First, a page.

TPR PHYSICIAN ELECTED AMERICAN ACADEMY OF NEUROLOGY SECTION CHAIR
HARLINGEN – Dr. Ameer E. Hassan, DO, FAHA, FSVIN, Head of the Neuroscience Department, Director of Endovascular Surgical Neuroradiology and Director of Clinical Neuroscience Research at Valley Baptist Medical Center-Harlingen, has been named the Chair of the American Academy of Neurology’s Endovascular and Interventional Neurology Section.
During his two-year term as section chair, Hassan said that continuing to educate both the community and physicians on the benefits of endovascular treatment for stroke, in addition to improving communication and discussion between endovascular neurologists across the country, would be top priorities.
According to the American Stroke Association, endovascular treatment for stroke is a procedure in which a neurologist threads a catheter through an artery in the groin to the blocked artery in the brain and utilizes specialized equipment to attempt to remove the clot. This type of treatment allows a longer time window for acute stroke treatment. In addition to endovascular procedures, physicians also treat ischemic strokes by administering tissue plasminogen activator (IV-tPA), which can work to dissolve the clot and improve blood flow to the stroke-effected part of the brain. One condition is that the medication must be given as soon as possible – within 3- to 4-1/2 hours from the start of symptoms of a possible stroke.
“I’m definitely excited by the idea that we can help lead the endovascular section of the American Academy of Neurology, and it is a true honor. We hope to be able to continue to help spread the word about endovascular treatment, especially considering recent trials that have been published which prove endovascular procedures are superior to IV-tpA alone for patients suffering from ischemic stroke,” he said. “The idea of getting physicians to interact with each other more is also important.”
Hassan, who has participated in several recent clinical trials that have shown the endovascular stroke treatment can help save the lives of patients and can result in more of them becoming functionally independent, said that improved communication among peers and continued education in the community could have a positive impact on patient care and outcomes, pointing to recent improvements in the Valley in treating stroke patients.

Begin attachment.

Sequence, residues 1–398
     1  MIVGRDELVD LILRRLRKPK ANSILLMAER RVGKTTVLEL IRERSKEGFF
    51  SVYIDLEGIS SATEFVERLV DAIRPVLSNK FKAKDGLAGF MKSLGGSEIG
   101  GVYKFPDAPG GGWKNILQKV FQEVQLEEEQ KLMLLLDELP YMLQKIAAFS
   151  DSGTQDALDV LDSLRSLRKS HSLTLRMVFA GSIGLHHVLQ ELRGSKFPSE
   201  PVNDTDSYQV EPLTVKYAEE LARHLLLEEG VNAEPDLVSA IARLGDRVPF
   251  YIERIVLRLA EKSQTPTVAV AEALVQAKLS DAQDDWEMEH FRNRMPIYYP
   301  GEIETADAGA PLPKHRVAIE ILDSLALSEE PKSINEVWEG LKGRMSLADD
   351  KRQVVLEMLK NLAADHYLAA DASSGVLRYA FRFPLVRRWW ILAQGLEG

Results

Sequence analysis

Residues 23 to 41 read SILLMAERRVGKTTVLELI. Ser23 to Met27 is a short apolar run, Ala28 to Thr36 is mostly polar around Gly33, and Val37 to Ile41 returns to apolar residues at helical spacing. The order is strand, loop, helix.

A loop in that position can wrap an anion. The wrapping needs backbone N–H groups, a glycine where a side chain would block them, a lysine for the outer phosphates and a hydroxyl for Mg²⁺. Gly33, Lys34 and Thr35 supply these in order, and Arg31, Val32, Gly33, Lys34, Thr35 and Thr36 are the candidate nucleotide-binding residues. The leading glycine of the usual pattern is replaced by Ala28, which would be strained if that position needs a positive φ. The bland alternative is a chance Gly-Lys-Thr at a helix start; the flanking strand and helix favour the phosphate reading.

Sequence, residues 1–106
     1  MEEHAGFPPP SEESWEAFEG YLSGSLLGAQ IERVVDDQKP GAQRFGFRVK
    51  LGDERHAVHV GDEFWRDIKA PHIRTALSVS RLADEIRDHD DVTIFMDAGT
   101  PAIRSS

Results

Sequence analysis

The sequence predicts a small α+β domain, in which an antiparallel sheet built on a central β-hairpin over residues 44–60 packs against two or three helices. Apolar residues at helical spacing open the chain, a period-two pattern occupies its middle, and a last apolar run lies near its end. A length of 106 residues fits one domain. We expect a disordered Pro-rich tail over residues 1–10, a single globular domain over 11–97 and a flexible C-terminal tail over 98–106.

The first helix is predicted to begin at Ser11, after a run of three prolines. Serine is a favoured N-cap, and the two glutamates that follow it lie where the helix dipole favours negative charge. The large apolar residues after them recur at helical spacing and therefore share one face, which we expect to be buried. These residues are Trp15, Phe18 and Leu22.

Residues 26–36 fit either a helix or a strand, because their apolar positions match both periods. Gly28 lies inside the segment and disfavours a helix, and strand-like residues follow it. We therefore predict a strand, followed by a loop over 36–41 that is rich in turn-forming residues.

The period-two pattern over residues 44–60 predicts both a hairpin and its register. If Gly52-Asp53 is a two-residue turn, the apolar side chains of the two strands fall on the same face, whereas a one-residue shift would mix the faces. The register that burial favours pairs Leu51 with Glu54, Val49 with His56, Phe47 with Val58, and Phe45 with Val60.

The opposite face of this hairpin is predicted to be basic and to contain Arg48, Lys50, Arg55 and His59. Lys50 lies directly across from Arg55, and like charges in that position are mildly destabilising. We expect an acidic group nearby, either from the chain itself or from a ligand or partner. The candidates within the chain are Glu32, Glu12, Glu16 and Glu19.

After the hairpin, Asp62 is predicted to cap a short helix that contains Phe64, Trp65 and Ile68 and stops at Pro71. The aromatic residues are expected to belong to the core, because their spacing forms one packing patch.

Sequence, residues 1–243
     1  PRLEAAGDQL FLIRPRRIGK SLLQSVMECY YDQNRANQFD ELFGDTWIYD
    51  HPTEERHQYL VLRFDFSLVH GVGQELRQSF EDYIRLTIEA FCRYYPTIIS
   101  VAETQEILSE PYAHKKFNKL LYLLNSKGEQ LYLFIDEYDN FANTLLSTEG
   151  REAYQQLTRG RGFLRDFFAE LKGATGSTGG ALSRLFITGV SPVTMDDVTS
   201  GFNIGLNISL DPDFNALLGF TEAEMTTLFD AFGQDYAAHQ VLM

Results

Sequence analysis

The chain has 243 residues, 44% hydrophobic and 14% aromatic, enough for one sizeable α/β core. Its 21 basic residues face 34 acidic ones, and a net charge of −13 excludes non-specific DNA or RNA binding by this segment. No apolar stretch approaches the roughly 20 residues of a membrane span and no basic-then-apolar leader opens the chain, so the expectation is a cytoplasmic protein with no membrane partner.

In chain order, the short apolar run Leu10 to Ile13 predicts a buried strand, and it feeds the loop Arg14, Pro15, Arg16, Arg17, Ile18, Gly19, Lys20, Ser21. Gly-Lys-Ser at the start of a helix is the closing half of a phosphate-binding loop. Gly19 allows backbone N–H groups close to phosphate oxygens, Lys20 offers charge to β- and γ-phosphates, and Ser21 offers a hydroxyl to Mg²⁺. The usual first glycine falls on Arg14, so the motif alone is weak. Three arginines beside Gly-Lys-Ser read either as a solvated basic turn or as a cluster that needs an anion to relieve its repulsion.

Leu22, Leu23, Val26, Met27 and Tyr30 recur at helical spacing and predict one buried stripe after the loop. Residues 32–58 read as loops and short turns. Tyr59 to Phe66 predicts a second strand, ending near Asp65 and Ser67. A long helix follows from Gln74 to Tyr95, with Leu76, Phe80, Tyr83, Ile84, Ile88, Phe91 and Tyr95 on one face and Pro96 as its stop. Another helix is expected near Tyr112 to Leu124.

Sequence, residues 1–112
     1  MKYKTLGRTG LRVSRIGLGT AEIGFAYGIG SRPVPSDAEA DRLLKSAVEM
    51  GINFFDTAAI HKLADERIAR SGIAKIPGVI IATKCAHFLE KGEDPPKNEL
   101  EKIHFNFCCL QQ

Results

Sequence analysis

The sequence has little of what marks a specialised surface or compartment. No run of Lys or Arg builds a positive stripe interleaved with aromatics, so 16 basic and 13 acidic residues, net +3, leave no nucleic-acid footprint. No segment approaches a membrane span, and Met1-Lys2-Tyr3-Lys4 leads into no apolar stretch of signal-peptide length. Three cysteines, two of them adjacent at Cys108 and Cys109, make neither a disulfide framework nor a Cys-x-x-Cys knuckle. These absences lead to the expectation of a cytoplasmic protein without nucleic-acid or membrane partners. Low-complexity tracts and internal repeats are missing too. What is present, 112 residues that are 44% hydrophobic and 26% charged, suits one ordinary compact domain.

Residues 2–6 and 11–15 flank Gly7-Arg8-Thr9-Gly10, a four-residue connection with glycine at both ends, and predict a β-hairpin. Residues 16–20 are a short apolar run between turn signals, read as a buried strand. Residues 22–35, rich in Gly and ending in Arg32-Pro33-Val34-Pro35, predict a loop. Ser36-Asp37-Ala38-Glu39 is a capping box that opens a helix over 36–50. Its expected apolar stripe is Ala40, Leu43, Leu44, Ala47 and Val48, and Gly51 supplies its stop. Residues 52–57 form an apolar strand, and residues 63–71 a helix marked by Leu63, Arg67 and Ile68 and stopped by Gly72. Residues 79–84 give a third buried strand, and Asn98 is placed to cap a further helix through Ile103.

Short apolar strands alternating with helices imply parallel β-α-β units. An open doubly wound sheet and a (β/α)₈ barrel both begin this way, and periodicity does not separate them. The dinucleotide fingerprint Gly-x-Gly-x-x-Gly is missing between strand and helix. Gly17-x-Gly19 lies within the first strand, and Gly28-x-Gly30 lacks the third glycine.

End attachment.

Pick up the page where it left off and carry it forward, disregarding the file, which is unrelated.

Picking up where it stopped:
“When a junior attending coming out of fellowship starts in a program, there are a lot of road blocks, but there are always ways to maneuver around them. Seeking guidance from experienced physicians from across the country, young physicians can see what worked for them and implement that in their own programs, saving significant time and allowing you to help improve patient care and patient treatment in the short term,” he said. “What we’ve done in the Valley, in terms of increasing our IV-tpA numbers from 3 percent to 13 percent in a matter of a few years, and increasing the treatment, whether it be endovascular or IV-tpA, from 3 percent of patients to 25 percent, is amazing. That’s happened because we’ve worked well with the community. We’ve focused on educating the community and first responders as well as local EMS.”
Hassan said that he hoped his service as AAN section chair would continue to have positive impacts on the Valley Baptist-Harlingen neuroscience program. VBMC-Harlingen remains the first and only Certified Comprehensive Stroke Center in the Valley and south of San Antonio.
“The nice thing about being elected chair or doing the things we do with stroke care is that studies and companies come to us because they want us to be part of their research,” he said. “We’re getting a lot of publicity, which is helping us secure more research dollars for the Rio Grande Valley, which will hopefully help us improve stroke care for our patient population.”